Bushfires are a regular and significant concern in New South Wales (NSW). Property developers and homeowners must be aware of them when considering land and housing developments.

How to Find Out If Your House Is in a Bushfire Zone in NSW

Identifying if your house or a potential property falls within a bushfire zone in NSW is crucial for planning, safety, and insurance purposes. The process can be relatively simple, with several resources you can turn to:

NSW Rural Fire Service (RFS) Website

The NSW RFS offers an online tool called the ‘Bushfire Prone Land Tool’. Here, you can enter your address or zoom into a specific location on the map to determine if it’s within a bushfire zone. The map is updated periodically to reflect new research and data.

In addition to the mapping tool, the RFS website also has extensive information relating to bushfire risk and building in a bushfire area.

Local Council

Your local council will have up-to-date maps of bushfire-prone areas. Some councils may also have these maps available on their websites.

If online resources are unclear, visiting or calling the local council can help. They can provide insights into the area’s bushfire history, any zoning changes, and implications for property owners and developers.

Property Reports

When purchasing land or a property, consider investing in a comprehensive property report. Such reports often include bushfire zoning information. With the Archistar property development platform, you can access planning and market data, and overlay risk, heritage, contours, and transmission line information for a visual risk assessment. Risk overlays cover both flood zones and the very latest bushfire zone data.

Community Resources

Engaging with local community groups or attending neighbourhood meetings can offer firsthand knowledge. Many long-term residents will be familiar with the area’s bushfire history and risk.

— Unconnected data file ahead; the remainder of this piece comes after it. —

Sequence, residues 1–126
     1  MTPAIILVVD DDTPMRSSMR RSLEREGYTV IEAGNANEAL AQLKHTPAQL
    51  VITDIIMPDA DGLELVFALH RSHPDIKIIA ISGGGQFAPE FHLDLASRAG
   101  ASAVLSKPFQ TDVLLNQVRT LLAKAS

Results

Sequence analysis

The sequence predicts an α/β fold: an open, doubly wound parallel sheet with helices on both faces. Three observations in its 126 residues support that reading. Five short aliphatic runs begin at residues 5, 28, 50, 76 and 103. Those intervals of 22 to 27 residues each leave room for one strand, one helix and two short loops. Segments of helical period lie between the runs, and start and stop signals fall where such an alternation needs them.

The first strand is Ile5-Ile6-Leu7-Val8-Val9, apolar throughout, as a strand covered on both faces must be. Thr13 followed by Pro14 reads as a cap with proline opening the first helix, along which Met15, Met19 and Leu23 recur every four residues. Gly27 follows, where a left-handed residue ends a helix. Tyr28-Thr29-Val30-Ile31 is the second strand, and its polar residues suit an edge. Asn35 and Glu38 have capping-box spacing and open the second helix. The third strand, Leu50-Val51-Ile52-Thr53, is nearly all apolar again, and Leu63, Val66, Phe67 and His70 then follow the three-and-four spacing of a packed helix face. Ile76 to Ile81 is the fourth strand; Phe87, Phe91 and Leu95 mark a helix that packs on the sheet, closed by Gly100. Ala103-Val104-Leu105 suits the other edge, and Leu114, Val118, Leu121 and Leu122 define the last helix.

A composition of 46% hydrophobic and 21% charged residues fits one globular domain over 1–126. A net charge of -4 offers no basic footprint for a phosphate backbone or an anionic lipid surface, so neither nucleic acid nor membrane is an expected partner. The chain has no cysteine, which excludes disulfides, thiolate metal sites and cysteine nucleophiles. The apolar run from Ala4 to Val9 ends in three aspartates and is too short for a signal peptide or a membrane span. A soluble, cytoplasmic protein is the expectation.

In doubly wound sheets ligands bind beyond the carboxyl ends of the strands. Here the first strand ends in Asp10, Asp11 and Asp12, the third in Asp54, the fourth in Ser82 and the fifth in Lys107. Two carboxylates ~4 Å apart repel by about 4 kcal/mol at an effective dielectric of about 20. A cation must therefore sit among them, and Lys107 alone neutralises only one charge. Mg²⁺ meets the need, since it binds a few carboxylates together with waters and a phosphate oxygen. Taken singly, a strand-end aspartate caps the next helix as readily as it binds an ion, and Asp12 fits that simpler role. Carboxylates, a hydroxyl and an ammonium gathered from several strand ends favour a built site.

Relying on multiple sources can give you a much more detailed idea of potential bushfire risks.

What Does It Mean If My House Is in a Bushfire Zone?

If your house is in a bushfire zone, it means that the property is recognised as being at risk from bushfires due to its proximity to vegetated areas, topography, or a combination of both. However, it is important to remember that the classification doesn’t mean the property will experience a bushfire, it just indicates the overall risk.

The level of risk does have an impact on your property development plans, sometimes influencing the design and the building materials used. It also requires varying degrees of property management meant to reduce the bushfire risk.

What Are the Different Bushfire Zones and What Do They Mean?

Bushfire zones in NSW are categorised to assist in assessing the potential intensity of a bushfire that may impact a property. The different categories are:


Description: This indicates the lowest risk. While there is a risk of ember attack, the potential of direct exposure to flames or radiant heat is minimal.

Implications: In this zone, standard construction methods can typically be used without the need for additional bushfire-resistant materials or designs. The property should still be maintained to minimise fuel sources.

BAL-12.5 to BAL-29

Description: The risks in these categories increase incrementally, with the number following ‘BAL-‘ indicating the level of radiant heat exposure in kilowatts per square metre.

Implications: Homes in these zones need specific construction methods and materials that change along with the risk. With each of these levels, property maintenance is crucial, requiring you to create and maintain defendable spaces and manage vegetation.

BAL-40 to BAL-FZ

Description: These are the highest risk zones. BAL-40 indicates a very high risk, while BAL-FZ (Flame Zone) is the utmost risk where properties face direct flame exposure during a bushfire.

Implications: Strict construction requirements are in place for these zones, with homes needing the highest level of protection against bushfire threats. In addition to a higher level of property management that focuses on reducing fuel sources, residents should also have an evacuation plan in place.

Are Bushfire Zones Subject to Change?

Yes, bushfire zones can change based on a range of factors. Environmental conditions and our understanding of bushfire behaviour continually evolve, influencing bushfire risk assessments. This can lead to adjustments in bushfire zones, which would be reflected in Archistar’s risk and heritage overlays feature as soon as the zone adjustments are published.

For property developers, it’s essential to keep updated with the latest zoning information to ensure that your development planning stays current with any bushfire risk changes. To begin your research, create a free Archistar account today and discover how easy it is to source all critical property data using a single platform. Including the very latest bushfire zone data.

Being informed about NSW’s bushfire zones is crucial for both property developers and homeowners. By understanding the risks and requirements of each zone, you can make informed decisions about property development and management.